• Keep all shower curtains and tub mats away from hot water pipes so that any steam does not go into those areas where it could cause condensation on those surfaces;

  • Give yourself some time before entering an area with wet walls or floors if it has been raining heavily outside (this includes basements with sump pumps);

  • Make sure that any air vents are not located near high moisture areas like laundry rooms/laundry closets/bathrooms etc.;


Keep your indoor humidity below 60 percent (ideally between 30 and 50 percent). If necessary, use dehumidifiers, air conditioning or exhaust fans to reduce humidity levels. To measure humidity, use a hygrometer (an inexpensive instrument available at hardware stores).

  • Measure your indoor humidity. If you suspect that you have a moisture problem, buy an inexpensive hygrometer (available at hardware stores) or use one of the many free smartphone apps that measure humidity.

  • Keep your indoor humidity below 60 percent (ideally between 30 and 50 percent). If necessary, use dehumidifiers, air conditioning or exhaust fans to reduce humidity levels. To measure humidity, use a hygrometer (an inexpensive instrument available at hardware stores).

  • Use humidifiers if necessary to raise the indoor relative humidity to below 60 percent; however, remember that humidifiers can also cause mold growth if not used correctly!


Ventilate after cooking and bathing. Using an exhaust fan can help prevent excess moisture from remaining in your kitchen or bathroom. Vent fans should be vented to the outside (not into an attic or crawl space).

Ventilate after cooking and bathing. Using an exhaust fan can help prevent excess moisture from remaining in your kitchen or bathroom. Vent fans should be vented to the outside (not into an attic or crawl space). They should not be used for air conditioning.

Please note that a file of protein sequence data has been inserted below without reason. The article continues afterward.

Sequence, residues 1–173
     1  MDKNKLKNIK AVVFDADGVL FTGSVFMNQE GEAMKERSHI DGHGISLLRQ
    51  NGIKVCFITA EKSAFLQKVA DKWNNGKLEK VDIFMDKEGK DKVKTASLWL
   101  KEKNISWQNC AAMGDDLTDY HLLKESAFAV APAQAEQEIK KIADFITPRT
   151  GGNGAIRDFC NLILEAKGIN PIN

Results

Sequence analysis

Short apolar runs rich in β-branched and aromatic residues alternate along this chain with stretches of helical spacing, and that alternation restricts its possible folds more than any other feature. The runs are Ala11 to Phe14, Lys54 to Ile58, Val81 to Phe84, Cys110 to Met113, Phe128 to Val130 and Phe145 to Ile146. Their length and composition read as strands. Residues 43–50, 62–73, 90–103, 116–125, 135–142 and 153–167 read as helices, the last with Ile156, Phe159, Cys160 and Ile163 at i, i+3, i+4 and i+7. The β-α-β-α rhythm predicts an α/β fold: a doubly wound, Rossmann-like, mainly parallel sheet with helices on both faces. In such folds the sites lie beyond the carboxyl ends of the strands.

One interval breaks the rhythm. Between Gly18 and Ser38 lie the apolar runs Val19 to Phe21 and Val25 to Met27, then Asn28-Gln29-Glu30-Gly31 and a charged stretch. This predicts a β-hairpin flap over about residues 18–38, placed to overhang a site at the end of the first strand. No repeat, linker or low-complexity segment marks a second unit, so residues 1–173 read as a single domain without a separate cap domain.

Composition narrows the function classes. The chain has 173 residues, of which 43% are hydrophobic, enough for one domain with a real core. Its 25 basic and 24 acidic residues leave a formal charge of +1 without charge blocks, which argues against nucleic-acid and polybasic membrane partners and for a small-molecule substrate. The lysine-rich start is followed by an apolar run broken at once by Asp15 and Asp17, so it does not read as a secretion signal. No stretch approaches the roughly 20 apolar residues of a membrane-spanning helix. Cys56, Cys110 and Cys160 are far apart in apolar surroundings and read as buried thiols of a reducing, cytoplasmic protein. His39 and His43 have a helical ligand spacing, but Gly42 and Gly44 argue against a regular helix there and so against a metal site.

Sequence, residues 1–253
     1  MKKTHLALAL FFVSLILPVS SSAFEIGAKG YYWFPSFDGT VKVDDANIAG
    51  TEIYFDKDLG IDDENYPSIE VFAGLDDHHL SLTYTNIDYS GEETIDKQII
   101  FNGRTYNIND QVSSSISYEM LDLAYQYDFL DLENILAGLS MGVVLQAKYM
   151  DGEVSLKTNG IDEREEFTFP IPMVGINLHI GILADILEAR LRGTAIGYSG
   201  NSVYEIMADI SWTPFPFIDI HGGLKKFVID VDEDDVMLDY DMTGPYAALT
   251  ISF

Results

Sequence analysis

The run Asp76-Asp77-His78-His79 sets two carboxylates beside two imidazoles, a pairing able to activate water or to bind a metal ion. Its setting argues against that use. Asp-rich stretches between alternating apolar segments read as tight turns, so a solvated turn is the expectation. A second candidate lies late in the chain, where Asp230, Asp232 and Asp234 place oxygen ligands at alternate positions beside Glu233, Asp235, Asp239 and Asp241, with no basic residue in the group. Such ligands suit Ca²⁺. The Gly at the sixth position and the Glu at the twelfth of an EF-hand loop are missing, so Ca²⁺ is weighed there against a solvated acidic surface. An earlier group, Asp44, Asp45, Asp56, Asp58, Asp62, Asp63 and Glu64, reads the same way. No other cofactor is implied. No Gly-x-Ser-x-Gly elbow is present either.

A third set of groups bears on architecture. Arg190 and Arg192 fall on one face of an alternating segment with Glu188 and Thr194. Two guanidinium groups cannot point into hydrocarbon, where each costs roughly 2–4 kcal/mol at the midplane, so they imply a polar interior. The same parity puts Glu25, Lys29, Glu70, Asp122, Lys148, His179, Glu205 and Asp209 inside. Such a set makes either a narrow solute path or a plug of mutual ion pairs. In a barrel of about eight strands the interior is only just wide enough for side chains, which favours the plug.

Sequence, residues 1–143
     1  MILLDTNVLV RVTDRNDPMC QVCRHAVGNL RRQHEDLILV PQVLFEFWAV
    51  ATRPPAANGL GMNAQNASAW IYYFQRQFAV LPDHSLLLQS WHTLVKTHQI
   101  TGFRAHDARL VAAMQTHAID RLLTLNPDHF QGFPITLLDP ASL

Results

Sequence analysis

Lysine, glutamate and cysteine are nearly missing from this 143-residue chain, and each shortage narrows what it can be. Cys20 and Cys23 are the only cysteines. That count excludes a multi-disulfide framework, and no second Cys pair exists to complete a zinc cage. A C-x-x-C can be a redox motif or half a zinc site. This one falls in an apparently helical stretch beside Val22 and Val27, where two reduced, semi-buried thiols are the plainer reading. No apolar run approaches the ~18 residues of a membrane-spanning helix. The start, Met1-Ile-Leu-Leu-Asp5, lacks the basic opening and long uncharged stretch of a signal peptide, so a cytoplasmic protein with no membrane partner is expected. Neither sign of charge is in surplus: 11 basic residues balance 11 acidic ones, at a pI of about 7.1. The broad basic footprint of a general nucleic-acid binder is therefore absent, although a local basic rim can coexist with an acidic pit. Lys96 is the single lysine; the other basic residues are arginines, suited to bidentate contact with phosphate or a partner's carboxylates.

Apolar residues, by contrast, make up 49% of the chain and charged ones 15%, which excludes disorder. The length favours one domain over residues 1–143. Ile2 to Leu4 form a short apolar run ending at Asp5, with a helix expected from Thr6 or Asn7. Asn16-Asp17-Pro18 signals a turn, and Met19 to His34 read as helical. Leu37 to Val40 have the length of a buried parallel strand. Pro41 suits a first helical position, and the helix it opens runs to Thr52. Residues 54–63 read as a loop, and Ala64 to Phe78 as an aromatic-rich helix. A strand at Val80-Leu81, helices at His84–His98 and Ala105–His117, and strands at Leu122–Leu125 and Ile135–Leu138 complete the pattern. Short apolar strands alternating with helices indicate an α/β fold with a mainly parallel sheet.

Use gas heaters instead of wood-burning fireplaces and stoves. If wood burning is necessary, be sure to vent outdoor air into the room when using fireplaces and unvented space heaters. Avoid using kerosene heaters indoors because they produce high levels of indoor air pollution, including CO (carbon monoxide), nitrogen dioxide, fine particles and sulfur dioxide [CDC].

Limit the use of fireplaces and stoves to areas with adequate ventilation. If you use a kerosene heater, do not operate it indoors or in any enclosed space, including cars. Kerosene heaters produce high levels of indoor air pollution [EPA].

If you don't have access to gas heaters or if you choose not to use one:

  • Use a fan when possible instead of turning up the thermostat. The fan will make you feel cooler without raising your energy bills or increasing your risk for carbon monoxide poisoning from using an unvented wood stove or fireplace [EPA].

  • Keep windows open as much as possible when using a wood-burning furnace or stove for heat. An exception is if winds are blowing snow into houses through open windows; then close those windows!

Conclusion

If you follow these tips, you’ll be well on your way to preventing mold and mildew in your home. Once they start growing, it can be difficult to get rid of them completely. However, keeping moisture levels low will prevent any additional damage from occurring. If you’re still having trouble with mold or mildew growth in your house, it might be time for some professional help!